First Stop, A Very Familiar PlaceTuesday, August 29, 2000: San Diego Padres vs. Chicago Cubs
Starting Pitchers: Adam Eaton vs. Jaime Arnold
Time of Game: 4 hours 48 minutes
Final Score: Cubs 7, Padres 6 (13 innings)
When I embarked upon my journey to see all the Major League Baseball parks, I had attended games at Wrigley Field, old Comiskey Park, new Comiskey Park (which would eventually be renamed US Cellular Field) and old Busch Stadium in St. Louis. With the addition of the Tampa Bay Devil Rays and Arizona Diamondbacks in 1998, that brought the number of teams to 30. So, I had only seen three teams play in their home park - my Chicago Cubs, the Chicago White Sox and the St. Louis Cardinals. Over the next nine days, I would attend eight games with a stop at the Hall of Fame in Cooperstown, New York. Out of these eight games, I would be able to cross six parks off my list. The trip would begin and end in Chicago.
The bus ride started in La Crosse, Wisconsin and made its first stop in Milwaukee. I joined the group when the bus made its way to the Exel Inn of O'Hare in Elk Grove Village. Many of the participants flew into O'Hare to begin their journey, too. I hopped on board and we were on our way to a place I knew all too well - Wrigley Field.
When we arrived at Wrigley Field, we found our seats and everyone in the group started introducing themselves. It dawned on me that I was the youngest person in the group. Since schools were back in session, the family trips were finished. I also realized I was the only person from the Chicagoland area. We had a couple from San Francisco, a group of 12 guys from Seattle, two Canadians, and a random assortment of others.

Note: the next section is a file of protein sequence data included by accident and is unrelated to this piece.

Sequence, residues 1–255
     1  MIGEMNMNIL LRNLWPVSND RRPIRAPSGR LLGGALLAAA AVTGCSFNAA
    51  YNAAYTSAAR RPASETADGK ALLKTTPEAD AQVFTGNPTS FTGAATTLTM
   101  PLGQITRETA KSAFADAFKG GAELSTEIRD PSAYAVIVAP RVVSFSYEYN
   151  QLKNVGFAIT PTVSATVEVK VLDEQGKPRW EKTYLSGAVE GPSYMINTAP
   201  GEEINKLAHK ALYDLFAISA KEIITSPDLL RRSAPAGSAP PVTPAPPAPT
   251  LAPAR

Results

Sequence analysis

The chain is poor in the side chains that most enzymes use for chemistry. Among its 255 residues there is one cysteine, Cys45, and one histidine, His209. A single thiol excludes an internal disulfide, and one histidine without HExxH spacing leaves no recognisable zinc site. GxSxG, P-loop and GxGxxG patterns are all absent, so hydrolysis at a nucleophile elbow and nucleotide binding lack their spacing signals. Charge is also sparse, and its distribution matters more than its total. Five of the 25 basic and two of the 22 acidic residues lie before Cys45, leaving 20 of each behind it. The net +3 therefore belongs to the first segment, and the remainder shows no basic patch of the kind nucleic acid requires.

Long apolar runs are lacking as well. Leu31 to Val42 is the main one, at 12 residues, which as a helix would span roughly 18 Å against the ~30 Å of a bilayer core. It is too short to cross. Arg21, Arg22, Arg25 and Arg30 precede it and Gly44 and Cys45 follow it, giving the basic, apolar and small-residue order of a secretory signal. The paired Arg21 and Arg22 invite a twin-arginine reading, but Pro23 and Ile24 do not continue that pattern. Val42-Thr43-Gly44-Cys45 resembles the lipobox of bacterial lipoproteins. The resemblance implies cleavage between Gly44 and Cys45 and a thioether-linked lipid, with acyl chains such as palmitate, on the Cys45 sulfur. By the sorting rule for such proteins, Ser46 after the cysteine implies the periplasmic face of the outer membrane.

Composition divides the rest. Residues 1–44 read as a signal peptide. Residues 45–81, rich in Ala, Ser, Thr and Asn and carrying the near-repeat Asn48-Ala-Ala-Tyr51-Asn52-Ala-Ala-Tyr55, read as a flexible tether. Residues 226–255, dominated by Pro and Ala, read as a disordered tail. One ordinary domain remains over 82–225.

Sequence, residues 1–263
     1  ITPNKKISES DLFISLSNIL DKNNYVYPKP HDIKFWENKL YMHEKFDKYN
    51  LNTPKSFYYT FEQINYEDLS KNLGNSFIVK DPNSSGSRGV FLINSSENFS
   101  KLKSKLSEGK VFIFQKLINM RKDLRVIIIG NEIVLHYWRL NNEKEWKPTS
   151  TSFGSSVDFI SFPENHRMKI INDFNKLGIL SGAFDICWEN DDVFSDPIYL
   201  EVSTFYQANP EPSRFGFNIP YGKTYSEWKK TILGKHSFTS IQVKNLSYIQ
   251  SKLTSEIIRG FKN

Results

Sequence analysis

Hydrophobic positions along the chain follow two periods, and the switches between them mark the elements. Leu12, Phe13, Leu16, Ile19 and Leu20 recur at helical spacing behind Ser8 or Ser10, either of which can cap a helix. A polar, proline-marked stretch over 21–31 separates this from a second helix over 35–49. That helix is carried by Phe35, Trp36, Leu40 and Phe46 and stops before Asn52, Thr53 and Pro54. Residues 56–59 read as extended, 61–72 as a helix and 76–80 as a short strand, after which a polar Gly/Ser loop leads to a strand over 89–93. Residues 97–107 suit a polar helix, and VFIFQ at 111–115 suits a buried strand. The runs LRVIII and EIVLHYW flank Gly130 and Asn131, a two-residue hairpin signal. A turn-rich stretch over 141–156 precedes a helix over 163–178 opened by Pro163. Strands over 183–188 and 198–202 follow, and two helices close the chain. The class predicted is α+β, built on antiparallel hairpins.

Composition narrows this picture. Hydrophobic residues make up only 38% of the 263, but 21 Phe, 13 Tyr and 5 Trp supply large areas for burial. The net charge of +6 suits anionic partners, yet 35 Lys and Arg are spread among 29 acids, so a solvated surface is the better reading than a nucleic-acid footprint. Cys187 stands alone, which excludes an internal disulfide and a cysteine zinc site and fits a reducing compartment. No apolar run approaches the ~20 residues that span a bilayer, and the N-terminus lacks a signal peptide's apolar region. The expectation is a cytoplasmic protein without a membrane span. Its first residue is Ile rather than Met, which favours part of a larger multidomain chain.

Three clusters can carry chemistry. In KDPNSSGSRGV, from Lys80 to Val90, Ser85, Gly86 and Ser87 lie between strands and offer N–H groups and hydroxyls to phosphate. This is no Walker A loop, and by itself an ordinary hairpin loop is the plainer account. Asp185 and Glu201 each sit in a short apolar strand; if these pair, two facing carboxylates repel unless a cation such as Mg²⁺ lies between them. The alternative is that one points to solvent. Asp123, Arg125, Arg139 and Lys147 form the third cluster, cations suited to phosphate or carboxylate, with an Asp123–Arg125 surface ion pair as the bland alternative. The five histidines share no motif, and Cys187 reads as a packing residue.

Since I was the lone Cubs fan in the group, I became the Wrigley Field historian and tour guide for the night. Honestly, I was glad it happened that way. It was nice being the local expert on the first day of the trip. I pointed out all the quirks about the ballpark and talked about the history of the team. They asked so many questions and it was great answering them all. They had questions about the manual scoreboard, the ivy, the neighborhood, and more.
On our way to the park, Jay Buckley made it clear that we were on our own at the game. If we wanted to roam around the parks, we were encouraged to do so. He also made it clear that the baseball games were the most important part of each stop along the way. If we had a day game, we had free time at night. If we had a night game, we would have some time during the day. But two things happened at the Cubs game that we did not clarify - extra innings and meeting back at the bus after a game.
The Cubs won the game, but it did require extra innings. After the game ended, everyone made their way back to the bus parked on Sheffield, except for our two friends from north of the border. According to Jay, we would never drive during the night. Since our next stop was Pittsburgh, and we had extra innings, and had to spend time finding our wandering Canadians, we did have to drive a bit at night. Our hotel that evening was the Hampton Inn in Mishawaka, Indiana. We would have a quick turnaround in the morning. Since we were heading east, we had a long bus ride ahead of us.
Next stop: Pittsburgh's Three Rivers Stadium (Giants vs. Pirates)